Exhibit highlights African American history, social change

Elizabeth Stoeger, Staff Writer

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Two movements, one hundred years apart, both indelibly shaped American history and are remembered in the new exhibit now on display in Nicholson library.

This exhibit “Changing America: The Emancipation Proclamation, 1863 and the March on Washington, 1963” is presented by the Smithsonian’s National Museum of African American History and Culture, and the National Museum of American history in collaboration with the American Library Association Public Programs Office. It is also made possible by the National Endowment for the Arts.

It highlights these two “moments in our nation’s history when individuals unite and take courageous steps to fulfill the promise of democracy,” reads to the first panel of the exhibit.

“Both events were the result of people demanding justice. Both grew out of decades of bold actions, resistance, organization and vision. And both provided inspiration for the future.”

February celebrates Black History Month and this display highlights the admirable and often times trying struggle of African Americans in the United States.

The exhibit is designed as panels separated into two groups. One cluster is focused on events having to do with the Emancipation Proclamation in 1863, and the other surrounding the March on Washington which took place in 1963.

“The Emancipation Proclamation cracked open the institution of slavery, changing the course of the Civil War and the nation,” states the first panel on the 1863 side.

Some of the events highlighted include Nat Turner’s Rebellion, Lincoln’s death, and the impact and legacy of the Emancipation Proclamation.

One of the most important and recognizable movements in U.S. history, the March on Washington occurred on August 28, 1963, as “work in the nation’s capital came to a halt as thousands of demonstrators made their way to Washington. The events that day helped mark the centennial of the Emancipation Proclamation and reminded Americans of the nation’s long pursuit to fulfill its founding principles of liberty and equality for all,” exclaims the panel.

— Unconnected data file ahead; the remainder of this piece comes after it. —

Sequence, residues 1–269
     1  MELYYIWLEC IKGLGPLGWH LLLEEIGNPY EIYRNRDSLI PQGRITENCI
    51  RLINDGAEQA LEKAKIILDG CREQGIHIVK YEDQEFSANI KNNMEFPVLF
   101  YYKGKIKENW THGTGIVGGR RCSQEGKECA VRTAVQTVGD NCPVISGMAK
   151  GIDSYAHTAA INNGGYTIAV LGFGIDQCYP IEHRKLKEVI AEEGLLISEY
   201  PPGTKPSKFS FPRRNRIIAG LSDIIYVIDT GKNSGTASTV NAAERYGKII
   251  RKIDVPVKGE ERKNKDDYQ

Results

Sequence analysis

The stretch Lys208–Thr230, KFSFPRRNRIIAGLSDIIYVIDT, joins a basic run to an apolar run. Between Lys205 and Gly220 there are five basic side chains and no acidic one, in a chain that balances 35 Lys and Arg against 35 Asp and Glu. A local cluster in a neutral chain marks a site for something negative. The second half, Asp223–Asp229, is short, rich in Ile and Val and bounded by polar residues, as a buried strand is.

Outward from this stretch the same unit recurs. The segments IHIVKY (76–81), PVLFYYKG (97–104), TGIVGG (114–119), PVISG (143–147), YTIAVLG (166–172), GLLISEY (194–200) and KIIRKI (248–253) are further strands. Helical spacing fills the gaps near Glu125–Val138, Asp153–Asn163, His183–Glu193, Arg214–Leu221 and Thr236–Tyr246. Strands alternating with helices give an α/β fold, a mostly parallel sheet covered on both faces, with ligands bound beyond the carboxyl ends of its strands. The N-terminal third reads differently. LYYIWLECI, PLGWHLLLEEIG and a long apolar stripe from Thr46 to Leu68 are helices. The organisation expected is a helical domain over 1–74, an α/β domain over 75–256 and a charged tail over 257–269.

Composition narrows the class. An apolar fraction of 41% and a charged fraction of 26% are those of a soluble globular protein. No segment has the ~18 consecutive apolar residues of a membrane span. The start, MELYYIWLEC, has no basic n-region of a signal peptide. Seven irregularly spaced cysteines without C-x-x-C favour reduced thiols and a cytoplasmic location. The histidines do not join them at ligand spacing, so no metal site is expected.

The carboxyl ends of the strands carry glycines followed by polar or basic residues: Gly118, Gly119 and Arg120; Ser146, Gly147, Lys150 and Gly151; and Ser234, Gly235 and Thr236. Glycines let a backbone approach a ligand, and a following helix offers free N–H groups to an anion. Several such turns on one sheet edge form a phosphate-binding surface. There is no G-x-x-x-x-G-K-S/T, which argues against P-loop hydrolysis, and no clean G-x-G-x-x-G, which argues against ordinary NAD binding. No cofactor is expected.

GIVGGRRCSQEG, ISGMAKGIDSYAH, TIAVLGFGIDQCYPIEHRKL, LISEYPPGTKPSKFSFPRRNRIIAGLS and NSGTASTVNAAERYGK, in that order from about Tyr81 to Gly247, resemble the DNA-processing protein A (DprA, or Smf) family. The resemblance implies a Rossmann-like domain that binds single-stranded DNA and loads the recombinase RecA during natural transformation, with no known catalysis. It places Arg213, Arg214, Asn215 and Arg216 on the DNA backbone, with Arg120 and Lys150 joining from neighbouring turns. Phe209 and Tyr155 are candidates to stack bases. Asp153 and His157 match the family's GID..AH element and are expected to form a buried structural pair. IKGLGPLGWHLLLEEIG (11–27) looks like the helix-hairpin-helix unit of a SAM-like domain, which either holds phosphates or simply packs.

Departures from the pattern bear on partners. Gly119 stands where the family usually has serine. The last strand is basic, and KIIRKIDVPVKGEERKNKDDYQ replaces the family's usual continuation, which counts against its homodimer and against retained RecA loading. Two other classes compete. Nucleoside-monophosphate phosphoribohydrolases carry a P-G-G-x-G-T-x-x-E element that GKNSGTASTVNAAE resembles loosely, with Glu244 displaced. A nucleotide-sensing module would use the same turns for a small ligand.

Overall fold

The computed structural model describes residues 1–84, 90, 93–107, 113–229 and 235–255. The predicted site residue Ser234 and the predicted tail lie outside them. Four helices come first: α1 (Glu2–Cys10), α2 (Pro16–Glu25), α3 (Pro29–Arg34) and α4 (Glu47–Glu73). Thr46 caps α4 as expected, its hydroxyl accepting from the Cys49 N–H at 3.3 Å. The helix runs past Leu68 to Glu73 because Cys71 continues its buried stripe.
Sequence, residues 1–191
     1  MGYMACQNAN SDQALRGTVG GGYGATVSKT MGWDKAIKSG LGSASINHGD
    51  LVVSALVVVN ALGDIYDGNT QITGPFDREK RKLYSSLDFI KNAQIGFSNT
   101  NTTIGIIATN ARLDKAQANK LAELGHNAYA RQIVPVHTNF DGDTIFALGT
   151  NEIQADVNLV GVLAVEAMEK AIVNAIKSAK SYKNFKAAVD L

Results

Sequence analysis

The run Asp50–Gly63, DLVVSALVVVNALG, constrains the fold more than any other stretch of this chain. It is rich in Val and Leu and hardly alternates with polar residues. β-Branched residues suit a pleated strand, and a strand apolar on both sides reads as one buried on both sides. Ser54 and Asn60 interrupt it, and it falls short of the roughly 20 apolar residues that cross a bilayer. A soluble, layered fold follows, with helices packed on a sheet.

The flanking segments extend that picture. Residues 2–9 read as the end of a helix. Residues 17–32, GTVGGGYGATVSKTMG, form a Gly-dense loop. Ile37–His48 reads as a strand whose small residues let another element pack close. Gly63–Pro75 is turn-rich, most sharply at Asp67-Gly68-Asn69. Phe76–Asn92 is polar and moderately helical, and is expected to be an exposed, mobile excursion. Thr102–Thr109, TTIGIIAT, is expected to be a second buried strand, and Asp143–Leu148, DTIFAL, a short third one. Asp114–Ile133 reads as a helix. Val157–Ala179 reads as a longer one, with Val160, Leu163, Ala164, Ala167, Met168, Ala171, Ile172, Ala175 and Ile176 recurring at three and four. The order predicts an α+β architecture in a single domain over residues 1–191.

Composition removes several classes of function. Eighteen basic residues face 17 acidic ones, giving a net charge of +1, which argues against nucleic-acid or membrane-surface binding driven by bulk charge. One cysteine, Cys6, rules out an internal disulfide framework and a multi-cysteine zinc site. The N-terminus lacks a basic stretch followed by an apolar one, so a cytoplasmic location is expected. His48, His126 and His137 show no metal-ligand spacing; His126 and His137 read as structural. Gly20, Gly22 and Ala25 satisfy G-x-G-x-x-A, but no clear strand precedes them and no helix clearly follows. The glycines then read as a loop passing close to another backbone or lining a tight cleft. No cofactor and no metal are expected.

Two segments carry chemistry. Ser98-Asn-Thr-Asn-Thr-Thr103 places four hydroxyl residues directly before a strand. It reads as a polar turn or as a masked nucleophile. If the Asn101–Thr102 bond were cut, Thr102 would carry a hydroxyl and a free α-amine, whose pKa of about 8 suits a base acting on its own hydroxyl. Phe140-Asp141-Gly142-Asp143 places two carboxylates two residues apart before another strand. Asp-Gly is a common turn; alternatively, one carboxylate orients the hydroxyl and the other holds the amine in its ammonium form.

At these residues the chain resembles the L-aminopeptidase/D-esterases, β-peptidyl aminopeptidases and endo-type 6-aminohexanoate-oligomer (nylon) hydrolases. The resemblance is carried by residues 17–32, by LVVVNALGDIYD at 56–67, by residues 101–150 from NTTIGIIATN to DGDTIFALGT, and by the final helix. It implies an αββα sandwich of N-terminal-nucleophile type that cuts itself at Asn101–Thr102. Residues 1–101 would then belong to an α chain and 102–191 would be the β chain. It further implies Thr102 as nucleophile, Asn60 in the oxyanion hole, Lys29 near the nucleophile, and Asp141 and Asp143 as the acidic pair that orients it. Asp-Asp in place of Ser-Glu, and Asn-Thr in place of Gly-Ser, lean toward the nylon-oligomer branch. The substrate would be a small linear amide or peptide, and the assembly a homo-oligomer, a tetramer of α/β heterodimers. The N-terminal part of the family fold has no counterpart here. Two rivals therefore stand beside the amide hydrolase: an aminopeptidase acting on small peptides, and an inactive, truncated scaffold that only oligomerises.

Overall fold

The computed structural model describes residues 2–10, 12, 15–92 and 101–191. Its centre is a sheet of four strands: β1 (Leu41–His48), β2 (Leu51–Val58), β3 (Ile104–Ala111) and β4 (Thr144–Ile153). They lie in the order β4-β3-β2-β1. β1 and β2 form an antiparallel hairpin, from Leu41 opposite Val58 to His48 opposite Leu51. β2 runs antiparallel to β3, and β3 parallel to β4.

This grouping focuses on the unparalleled number of protests that occurred in the summer of 1963, leaders and planning of the March, and its legacy.

President of Linfield’s Black Student Union, Sarah-Michael Gaston, ’16, said of viewing the posters on the March, “I was so proud. I was proud of them for coming together and fighting for justice. It made me realize how many people attended the march and just how brave and strong my people can be.”

“African American history has been predominately excluded from my education growing up. Even though people of African descent were crucial in shaping America’s past and present, the discourse I hear in school revolves around White America.”
Seeing this exhibition reminded Gaston of her people’s past as well as “why I still face inequality” in the present, she said.

Not only does the exhibit hold personal value for Gaston but she is glad the entire community has the opportunity to learn more about this topic. “Spotlighting African American history is important because it is American history and too-often the contributions of African Americans to this country have been ignored,” Gaston said.

Linfield will continue to pay tribute to the African American visionaries who shaped the nation with two lectures.

Clayborne Carson, professor of history at Stanford University will present “Martin’s Dream: My Journey and the Journey of Martin Luther King, Jr.” on Mar. 3, at 7:30 p.m.

Waldo Martin, professor of American history and citizenship at University of California, Berkeley will present “Ready for the Revolution: History and the Black Panther Party” on Mar. 10 at 7:30 p.m. These lectures will both take place at Nicholson Library.

The “Changing America” exhibition will be on display until March 25 at Nicholson library.